This year saw the 4th annual Seychelles Sea Turtle Festival (SSTF) take place in Beau Vallon on the north of Mahé. The festival sees a collaborative effort, created by a group of like-minded individuals, with various research and conservation organisations in Seychelles coming together to help raise awareness of these fantastic creatures that can be found in waters around the islands and the importance of their conservation.
It was a jam packed day, with various stalls and forms of entertainment along the seafront. Our stall had prime position next to the DJ so we excitedly set up our activities ready for the day ahead. This year, we had turtle shaped cookie decorating, thanks to the pastry chefs at Four Seasons Resort Seychelles, as well as an arts and crafts corner, including a big collage of a reef scape, a face painting station and our team of Marine Educators on hand to answer queries and spread the word on the importance of looking after our turtle populations!
Throughout the day our stall was busy with adults and children alike who loved getting involved in all the things we had on offer. The whole team (WiseOceans and Four Seasons) got stuck in to help cover little (and some big!) faces in glittery turtles and lavish bright green meringue turtles with colourful icing and sprinkles.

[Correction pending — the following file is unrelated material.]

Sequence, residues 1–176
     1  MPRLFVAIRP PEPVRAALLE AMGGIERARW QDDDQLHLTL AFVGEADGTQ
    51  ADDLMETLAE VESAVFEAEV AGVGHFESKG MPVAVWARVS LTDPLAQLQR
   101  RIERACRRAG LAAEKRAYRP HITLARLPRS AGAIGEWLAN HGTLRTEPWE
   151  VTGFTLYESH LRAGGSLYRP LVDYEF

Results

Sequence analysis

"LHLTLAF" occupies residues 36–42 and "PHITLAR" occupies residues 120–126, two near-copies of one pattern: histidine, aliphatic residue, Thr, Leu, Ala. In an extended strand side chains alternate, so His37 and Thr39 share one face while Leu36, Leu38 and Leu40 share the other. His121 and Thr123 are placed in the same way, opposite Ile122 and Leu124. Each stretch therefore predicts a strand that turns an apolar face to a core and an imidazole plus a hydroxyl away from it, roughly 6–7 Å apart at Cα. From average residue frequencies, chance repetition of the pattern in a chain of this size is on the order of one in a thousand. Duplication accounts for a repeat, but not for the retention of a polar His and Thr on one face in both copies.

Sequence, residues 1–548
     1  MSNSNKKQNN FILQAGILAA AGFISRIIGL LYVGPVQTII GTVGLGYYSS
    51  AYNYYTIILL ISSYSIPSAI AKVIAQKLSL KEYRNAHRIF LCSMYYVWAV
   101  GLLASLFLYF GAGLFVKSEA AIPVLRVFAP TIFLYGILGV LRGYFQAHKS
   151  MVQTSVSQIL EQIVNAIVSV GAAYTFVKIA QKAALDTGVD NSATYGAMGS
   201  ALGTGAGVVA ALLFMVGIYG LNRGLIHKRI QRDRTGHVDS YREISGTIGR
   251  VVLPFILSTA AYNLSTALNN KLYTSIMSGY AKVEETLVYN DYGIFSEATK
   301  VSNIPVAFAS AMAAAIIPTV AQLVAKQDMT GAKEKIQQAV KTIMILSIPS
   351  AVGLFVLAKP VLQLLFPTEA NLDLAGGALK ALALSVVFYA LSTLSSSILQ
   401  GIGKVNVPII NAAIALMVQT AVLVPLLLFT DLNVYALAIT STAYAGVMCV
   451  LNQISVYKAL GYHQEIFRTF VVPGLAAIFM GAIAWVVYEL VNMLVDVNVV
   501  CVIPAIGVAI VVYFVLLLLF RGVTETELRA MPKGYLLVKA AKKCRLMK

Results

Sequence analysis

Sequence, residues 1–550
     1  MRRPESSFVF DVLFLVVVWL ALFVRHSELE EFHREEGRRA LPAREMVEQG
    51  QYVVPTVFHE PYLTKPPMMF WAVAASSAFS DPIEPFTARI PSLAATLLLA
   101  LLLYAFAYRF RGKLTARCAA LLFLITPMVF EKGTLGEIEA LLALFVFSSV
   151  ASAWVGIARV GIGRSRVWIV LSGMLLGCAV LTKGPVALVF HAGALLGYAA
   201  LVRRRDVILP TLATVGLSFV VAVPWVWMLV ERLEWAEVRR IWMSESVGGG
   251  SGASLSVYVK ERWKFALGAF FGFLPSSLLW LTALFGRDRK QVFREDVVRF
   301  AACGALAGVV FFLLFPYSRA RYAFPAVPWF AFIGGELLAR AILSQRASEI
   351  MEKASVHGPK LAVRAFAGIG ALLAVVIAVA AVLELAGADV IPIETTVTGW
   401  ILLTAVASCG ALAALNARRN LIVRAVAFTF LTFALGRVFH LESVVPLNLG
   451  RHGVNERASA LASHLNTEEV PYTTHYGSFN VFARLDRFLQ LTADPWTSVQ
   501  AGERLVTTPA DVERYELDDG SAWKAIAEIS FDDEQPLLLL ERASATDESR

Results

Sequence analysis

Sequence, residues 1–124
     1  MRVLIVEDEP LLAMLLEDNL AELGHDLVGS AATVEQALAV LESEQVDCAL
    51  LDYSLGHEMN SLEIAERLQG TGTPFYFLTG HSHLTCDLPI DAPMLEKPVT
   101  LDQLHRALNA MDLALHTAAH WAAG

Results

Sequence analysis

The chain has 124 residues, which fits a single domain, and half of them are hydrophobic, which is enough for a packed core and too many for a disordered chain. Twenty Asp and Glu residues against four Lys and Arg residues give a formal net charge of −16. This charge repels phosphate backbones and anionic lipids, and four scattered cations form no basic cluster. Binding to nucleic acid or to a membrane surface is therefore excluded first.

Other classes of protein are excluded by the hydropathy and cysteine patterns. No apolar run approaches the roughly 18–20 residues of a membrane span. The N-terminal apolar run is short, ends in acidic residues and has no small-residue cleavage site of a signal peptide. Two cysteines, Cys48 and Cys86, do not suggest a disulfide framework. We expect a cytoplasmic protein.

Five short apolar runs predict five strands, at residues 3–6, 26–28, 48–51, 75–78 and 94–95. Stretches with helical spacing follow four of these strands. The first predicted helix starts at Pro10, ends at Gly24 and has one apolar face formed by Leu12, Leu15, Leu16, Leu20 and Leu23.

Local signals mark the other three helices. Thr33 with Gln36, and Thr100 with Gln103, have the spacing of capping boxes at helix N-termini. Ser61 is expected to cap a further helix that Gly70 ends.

It was a great opportunity to network with people from other organisations carrying out conservation work in Seychelles. We are all working towards a sustainable future for our beautiful, biodiverse surroundings, so it’s great to meet people just as passionate about our marine environment as we are.
Sea turtles are what brought us all together for this great event. Five different species of sea turtle can be found in the waters of Seychelles; two of which nest on the islands’ beaches. Green and Hawksbill turtles are encountered regularly throughout the waters surrounding the islands and are listed as endangered and critically endangered, respectively, the islands being important nesting grounds for these species. In the past, turtles were hunted extensively for their meat and shells. Fortunately, since 1994 turtles have been afforded full protection under Seychelles law, meaning it is illegal to hunt, kill, possess or eat turtle. Sadly, even with protection in place, sea turtle populations continue to be under threat in Seychelles and the world’s oceans, facing threats including pollution and coastal development. Now, more than ever, these majestic creatures require our support if they are to continue calling the world’s oceans their home.